James Richard Fromm
The structure of the periodic chart of the elements follows directly from the possible values of the four quantum numbers and one additional principle. That principle is the Pauli exclusion principle proposed by the German physicist Wolfgang Pauli in 1929:
No two electrons in any atom can have the same set of four quantum numbers.
The Pauli exclusion principle allows the determination of the maximum number of electrons possible in any given orbital, subshell, or shell. Since the spin quantum number can have only two different values, the number of electrons per orbital depends upon the type of orbital. The number of electrons an orbital can contain will be twice the number of different orbitals, or energy levels, available within the subshells of that type. These numbers are two electrons for an s orbital, six electrons for a p orbital, ten electrons for a d orbital, fourteen electrons for a f orbital, and eighteen electrons for a g orbital.
The same principle allows the calculation of the number of electrons which can be accommodated within any given shell. These are:
|Shell 1: s: 2 electrons|
|Shell 2: s + p: 2 + 6 = 8 electrons|
|Shell 3: s + p + d: 2 + 6 + 10 = 18 electrons|
|Shell 4: s + p + d + f: 2 + 6 + 10 + 14 = 32 electrons|
|Shell 5: s + p + d + f + g: 2 + 6 + 10 + 14 + 18 = 50 electrons|
An electron, which is negative, approaching a positive nucleus is attracted to the nucleus and will assume the innermost orbital available to it since that will be the orbital of lowest energy. The electronic structure of an atom therefore builds up outward from the innermost to the outermost orbitals; an electron will always attempt to occupy the lowest unoccupied orbital, which is called its ground state. To move an electron to a higher unoccupied orbital (an excited state) is possible, but requires energy. The energy difference between the orbitals must be provided by absorption of a photon of light of the appropriate wavelength. The electron will decay from the excited state back to the ground state, emitting a photon, after some period of time.
Hydrogen has but one electron, so that electron can occupy the orbital with n = 1 (and therefore l = 0 and m = 0) and spin +1/2. This structure is often indicated as 1s1. Helium, with two electrons, can have one of them with n = 1, l =0, m = 0, s = +1/2 and one with n = 1, l = 0, m = 0, and s = -1/2, giving an overall structure indicated as 1s2.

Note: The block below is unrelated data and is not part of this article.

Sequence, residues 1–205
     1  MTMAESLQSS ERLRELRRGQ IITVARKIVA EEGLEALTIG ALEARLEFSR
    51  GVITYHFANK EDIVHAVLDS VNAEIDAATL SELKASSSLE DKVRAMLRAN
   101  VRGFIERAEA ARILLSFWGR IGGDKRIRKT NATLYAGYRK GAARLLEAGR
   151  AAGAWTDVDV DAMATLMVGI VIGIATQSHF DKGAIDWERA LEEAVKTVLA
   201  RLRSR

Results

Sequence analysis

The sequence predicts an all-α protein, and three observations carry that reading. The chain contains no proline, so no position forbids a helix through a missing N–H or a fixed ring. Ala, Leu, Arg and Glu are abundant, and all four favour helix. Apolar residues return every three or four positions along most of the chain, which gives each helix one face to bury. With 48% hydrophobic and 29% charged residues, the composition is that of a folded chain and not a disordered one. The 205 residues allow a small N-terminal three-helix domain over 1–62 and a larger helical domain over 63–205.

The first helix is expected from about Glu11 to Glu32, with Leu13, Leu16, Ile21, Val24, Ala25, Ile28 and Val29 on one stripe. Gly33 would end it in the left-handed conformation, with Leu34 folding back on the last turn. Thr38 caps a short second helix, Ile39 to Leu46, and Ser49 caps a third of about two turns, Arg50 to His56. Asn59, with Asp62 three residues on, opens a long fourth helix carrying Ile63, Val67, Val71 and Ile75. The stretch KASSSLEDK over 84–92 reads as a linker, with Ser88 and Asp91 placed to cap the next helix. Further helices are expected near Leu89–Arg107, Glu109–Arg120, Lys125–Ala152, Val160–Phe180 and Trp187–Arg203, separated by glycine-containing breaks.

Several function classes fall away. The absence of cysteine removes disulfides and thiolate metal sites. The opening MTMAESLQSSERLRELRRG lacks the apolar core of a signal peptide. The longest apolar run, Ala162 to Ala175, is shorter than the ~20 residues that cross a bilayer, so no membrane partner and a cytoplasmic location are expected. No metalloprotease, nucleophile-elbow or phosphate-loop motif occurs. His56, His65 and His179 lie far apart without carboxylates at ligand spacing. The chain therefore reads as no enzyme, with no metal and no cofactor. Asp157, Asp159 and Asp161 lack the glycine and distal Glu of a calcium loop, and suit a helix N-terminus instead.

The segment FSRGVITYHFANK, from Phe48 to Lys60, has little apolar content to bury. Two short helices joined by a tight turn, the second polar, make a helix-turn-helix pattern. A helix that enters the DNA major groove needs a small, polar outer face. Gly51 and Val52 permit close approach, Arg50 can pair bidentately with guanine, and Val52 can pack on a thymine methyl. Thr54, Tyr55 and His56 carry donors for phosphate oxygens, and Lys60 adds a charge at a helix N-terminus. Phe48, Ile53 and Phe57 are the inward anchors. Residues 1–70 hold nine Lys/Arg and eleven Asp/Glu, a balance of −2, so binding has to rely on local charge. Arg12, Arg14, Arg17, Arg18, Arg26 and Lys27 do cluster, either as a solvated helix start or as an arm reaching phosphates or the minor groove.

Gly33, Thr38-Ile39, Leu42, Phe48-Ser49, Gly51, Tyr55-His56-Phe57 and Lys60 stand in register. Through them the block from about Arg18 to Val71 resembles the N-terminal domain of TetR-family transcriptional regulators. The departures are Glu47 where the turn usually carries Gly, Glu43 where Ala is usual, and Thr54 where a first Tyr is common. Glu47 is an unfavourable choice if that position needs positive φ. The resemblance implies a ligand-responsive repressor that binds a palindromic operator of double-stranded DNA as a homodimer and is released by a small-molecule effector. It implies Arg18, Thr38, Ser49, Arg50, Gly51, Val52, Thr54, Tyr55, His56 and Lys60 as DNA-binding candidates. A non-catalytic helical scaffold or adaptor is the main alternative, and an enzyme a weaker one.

Lithium has three electrons, so the quantum numbers for two of them are the same as for the two electrons of helium. The third electron cannot fit in the shell with n = 1 at all, since no possible unused quantum numbers are left unused; given that n = 1, both l and m must be zero, and both of the possible values of s have been used. The third electron must then have the quantum numbers n = 2, l = 0, m = 0, s = +1/2. This electron configuration is usually indicated as 1s22s1. Beryllium, with four electrons, follows the same pattern with the electronic configuration 1s22s2.
In the shell with n = 1, only two electrons were possible because l and m could only be zero. With n = 2, however, l can not only be zero but can also be one, and when the value of l is one then the value of m can be -1, 0, or +1. The fifth electron of boron then is n = 2, l = 1, m = -1, s = +1/2 which is indicated by 1s22s22p1. The remaining elements in the first row of the periodic chart are:
With the ten electrons of neon the first two shells are now completed and can hold no more electrons. This building-up procedure (called aufbau, from the German word for building up) continues with sodium, whose outermost electron is 3s1:
|Na: 1s22s22p63s1 or [Ne]3s1|
|Mg: 1s22s22p63s2 or [Ne]3s2|
|Ar: [Ne]3s23p6 or [Ar]|
Up to this point the orbitals have simply been filled in order of expected energy as if it were in order of quantum numbers: 1s, 2s, 2p, 3s, 3p, ... Beyond this point the order of filling changes because the order of quantum numbers and the order of actual energies are not the same; the 4s orbital and the 3d orbital are comparable in energy. Building up the orbital structure in one-proton, one-electron steps gives the 4s as the orbital lower in energy, and the electronic structures are:
|Kr: [Ar]4s23d104p6 = [Kr]|
|Rb: [Ar]4s23d104p65s1 = [Kr]5s1|
The approximate relative energies of the orbitals of electrons are shown on the left-hand side of the Figure below. A useful mnemonic device for the formally expected order of filling of these orbitals using the aufbau principle is shown on the right-hand side of the Figure.